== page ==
Roberts and her colleagues, building on the work of Damasio and his colleagues, showed that the representation of the aversive event (i.e. choosing the bad card) in those with OFC damage is not entirely cut off from interchange with the environ- ment (Roberts et al., 2004). They studied the effect of unanticipated and anticipated responses to acoustic startles in patients with OFC damage. The patients showed intact physiology when the startle was not anticipated. Their faces showed more sur- prise than controls, and they reported more fear. On the other hand, when the startle was anticipated, they showed no anticipatory au- tonomic response, in this case, a decrease of heart rate.

These findings and those of the IGT are consistent with the idea that the represen- tation in the brain of the event involves au- tonomically mediated somatic changes that are aspects of the emotional effect of that event that give it its meaning. This meaning, which determines a response, cannot be ac- tivated by conscious, higher-order cognitive processes in those with OFC damage, but it can be activated by relatively unconscious, automatic processing. This latter situation resembles that of patients with BPD in whom the primitive registration of the aversive event is activated by means other than those of normal consciousness.

A deficiency in orbitofrontal function has been proposed as a likely determinant of BPD symptomatology, as outlined in previ- ous chapters. This proposal leads to the pre- diction that those with BPD will fare badly at the IGT. Haaland and Landrø (2007) tested this hypothesis, comparing the performance of 20 patients with BPD with 15 healthy con- trols. The patients with BPD made less ad- vantageous choices than the controls. The difference could not be explained by indi- cators of general cognitive function or by symptoms of depression.


The patterned skin sensations and marks that sometimes appear on the skin of those with BPD, as if “branded” by traumas, have no technical or medical name. They might appropriately be called stigmata, since the original meaning of the word stigma was “a mark upon the skin; . . . a brand” (Oxford English Dictionary, 1971). Charcot and Janet, however, used this term to designate a quite different group of symptoms that has no representational significance and that serves a defensive purpose. As noted previously, Janet gave the name of “accidents” to those clinical phenomena that are representations, on the body, of traumatic expe- rience. His case of Marie was an example. “Accidents” include stereotyped patterns of movements that appear from time to time as repetitions of a fragment of traumatic memory.

A study of these phenomena may lead to a better understanding of the BPD syndrome itself. The phenomena may provide evidence, in miniature, of the essential forms of the larger disorder. Scientific data about the phenomena are few. Inferences are necessarily made from pathological states, which might mirror, in certain respects, the autonomic abnormalities that are involved in their production. Brain damage, particu- larly prefrontal and especially orbitofrontal, seems likely to provide evidence that could be the basis of hypotheses directing future research.

The skin changes representing trauma are an intriguing subject, given the com- mon embryological origin of skin and brain. In the earliest stages of evolution, contact with the skin was the principal means of the organism’s feeling and knowing. The feel- ing and knowing of any event is represented in the nervous system on multiple levels. Such representations, in the Damasio the- sis, are encoded with “somatic markers” that provide the events with their mean- ing. This process depends upon the auto- nomic nervous system. The case vignettes of subjects with BPD given at the beginning of this chapter suggest that primitive rep- resentations of trauma, or more precisely, of fragments of the trauma, are activated by unconscious processes and that they are relatively inaccessible to higher-order con- scious mental processing, which retrieves higher-order representations. In the case of severe trauma, it may be that these high- er-order representations are not properly formed. This idea derives from the “dissolution model.”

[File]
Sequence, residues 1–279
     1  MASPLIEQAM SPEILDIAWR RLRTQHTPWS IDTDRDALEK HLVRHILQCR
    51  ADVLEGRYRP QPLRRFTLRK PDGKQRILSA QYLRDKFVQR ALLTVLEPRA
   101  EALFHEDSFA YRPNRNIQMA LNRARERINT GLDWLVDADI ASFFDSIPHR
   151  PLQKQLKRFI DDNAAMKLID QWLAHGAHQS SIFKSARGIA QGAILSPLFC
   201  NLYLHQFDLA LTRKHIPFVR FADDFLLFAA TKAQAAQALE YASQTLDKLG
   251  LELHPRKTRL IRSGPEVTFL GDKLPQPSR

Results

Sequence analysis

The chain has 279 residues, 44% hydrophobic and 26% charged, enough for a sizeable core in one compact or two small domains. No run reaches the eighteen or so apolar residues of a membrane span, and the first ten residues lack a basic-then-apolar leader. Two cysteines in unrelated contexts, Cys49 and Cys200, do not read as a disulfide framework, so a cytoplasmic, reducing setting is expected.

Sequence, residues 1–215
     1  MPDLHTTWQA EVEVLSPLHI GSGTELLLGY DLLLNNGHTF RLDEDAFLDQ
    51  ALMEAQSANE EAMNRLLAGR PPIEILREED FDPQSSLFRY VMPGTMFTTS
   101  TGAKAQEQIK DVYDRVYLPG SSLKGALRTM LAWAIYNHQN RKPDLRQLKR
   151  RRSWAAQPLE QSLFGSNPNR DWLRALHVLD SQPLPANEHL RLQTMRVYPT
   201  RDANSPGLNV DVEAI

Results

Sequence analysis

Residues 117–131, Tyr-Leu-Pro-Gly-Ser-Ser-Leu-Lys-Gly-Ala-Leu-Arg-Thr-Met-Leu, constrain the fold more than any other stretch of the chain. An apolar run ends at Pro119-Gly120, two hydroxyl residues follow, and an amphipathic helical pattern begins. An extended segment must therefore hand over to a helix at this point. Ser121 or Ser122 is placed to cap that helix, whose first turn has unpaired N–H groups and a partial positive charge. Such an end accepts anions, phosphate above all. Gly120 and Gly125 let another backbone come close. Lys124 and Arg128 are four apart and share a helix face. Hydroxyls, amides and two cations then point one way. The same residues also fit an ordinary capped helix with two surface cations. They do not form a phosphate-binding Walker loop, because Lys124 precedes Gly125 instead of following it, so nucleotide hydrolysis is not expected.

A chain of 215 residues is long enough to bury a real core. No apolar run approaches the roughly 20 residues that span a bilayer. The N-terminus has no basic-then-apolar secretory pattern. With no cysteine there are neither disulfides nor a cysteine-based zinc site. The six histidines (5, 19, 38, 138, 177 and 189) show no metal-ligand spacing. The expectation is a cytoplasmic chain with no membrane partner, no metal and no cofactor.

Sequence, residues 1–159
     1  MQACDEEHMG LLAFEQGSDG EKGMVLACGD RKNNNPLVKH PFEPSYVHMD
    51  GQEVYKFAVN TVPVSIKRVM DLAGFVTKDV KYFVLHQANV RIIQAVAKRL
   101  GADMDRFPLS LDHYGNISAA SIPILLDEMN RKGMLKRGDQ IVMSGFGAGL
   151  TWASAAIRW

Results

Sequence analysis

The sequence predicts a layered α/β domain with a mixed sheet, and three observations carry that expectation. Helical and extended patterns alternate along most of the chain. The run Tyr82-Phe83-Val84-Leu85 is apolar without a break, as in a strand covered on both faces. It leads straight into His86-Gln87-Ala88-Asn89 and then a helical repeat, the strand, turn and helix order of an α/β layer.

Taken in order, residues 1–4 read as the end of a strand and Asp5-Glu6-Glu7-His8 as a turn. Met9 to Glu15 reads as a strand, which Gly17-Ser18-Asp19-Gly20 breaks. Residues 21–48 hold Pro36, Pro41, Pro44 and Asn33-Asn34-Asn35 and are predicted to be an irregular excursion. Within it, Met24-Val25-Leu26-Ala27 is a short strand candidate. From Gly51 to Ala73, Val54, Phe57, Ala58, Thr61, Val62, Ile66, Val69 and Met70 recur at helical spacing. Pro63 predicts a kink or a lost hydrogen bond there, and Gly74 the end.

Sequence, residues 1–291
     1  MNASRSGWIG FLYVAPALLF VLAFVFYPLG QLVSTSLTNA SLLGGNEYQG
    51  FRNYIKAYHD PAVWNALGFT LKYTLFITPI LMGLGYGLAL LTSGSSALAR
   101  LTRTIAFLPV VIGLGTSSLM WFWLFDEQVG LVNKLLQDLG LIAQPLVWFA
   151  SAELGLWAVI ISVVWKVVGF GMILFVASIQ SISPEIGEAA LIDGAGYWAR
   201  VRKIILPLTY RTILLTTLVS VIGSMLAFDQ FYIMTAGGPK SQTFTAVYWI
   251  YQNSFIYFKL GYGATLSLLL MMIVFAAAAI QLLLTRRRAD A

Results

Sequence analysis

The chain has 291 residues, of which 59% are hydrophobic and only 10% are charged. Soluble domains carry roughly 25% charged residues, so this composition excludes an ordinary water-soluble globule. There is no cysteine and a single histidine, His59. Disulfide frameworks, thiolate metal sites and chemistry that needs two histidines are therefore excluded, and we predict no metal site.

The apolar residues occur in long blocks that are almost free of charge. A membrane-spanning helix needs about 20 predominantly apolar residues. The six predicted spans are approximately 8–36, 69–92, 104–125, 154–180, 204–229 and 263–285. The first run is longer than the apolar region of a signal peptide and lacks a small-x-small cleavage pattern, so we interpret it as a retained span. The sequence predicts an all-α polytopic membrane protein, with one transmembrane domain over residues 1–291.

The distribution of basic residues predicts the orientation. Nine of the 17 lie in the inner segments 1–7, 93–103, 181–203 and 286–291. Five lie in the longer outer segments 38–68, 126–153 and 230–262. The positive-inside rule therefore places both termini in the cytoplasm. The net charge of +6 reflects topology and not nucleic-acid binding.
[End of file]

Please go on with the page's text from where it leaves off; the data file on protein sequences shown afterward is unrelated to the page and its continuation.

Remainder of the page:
It is not known how common are the patterned skin sensations and marks that ap- pear as if “branded” on the skin by trauma, analogous to the “burning in” of PTSD (Terr, 1988). They are only discovered by patient reports and not by the ordinary processes of psychiatric examination. If they are not particularly common, it may be because the situation that was their origin is also not particularly common. The incidents re- counted earlier suggest that this is one of massive trauma inflicted on a highly vulner- able personality, someone young and lack- ing the “buffer” of resilience provided by a maturely developed sense of self. It might be supposed that in these circumstances, an event creating an emotional response of great severity and intensity, leading to ter- ror, could cause a maximal disconnection between neural systems. At the same time, the more recently evolved functional “lev- els” would become deactivated, leading to a profound “dissolution” and a retreat down the hierarchy of consciousness. At this level the later evolved “distance receptors” of vi- sion and hearing would lose their domina- tion. The dominant experience would come from the more primitive receptors of touch and smell, and the trauma recorded in these terms. Registration of the event at higher levels would be impeded.

The data currently available (e.g., Kuo & Linehan, 2009) suggest that the disconnectedness of autonomic function in BPD is not only “vertical,” that is, between higher-order systems of monitoring and control and lower-order systems, but also “horizontal,” between excitatory and inhibitory mechanisms. This figuratively two-dimensional failure of coordination in neural functions that normally operate together may mirror the larger disconnectedness underlying the symptomatology of BPD.

By | 2017-12-01T13:40:06+00:00 October 30th, 2015|Blog|Comments Off on A Malady of Representations, Dysautonomic Aspects of Borderline Personality Disorder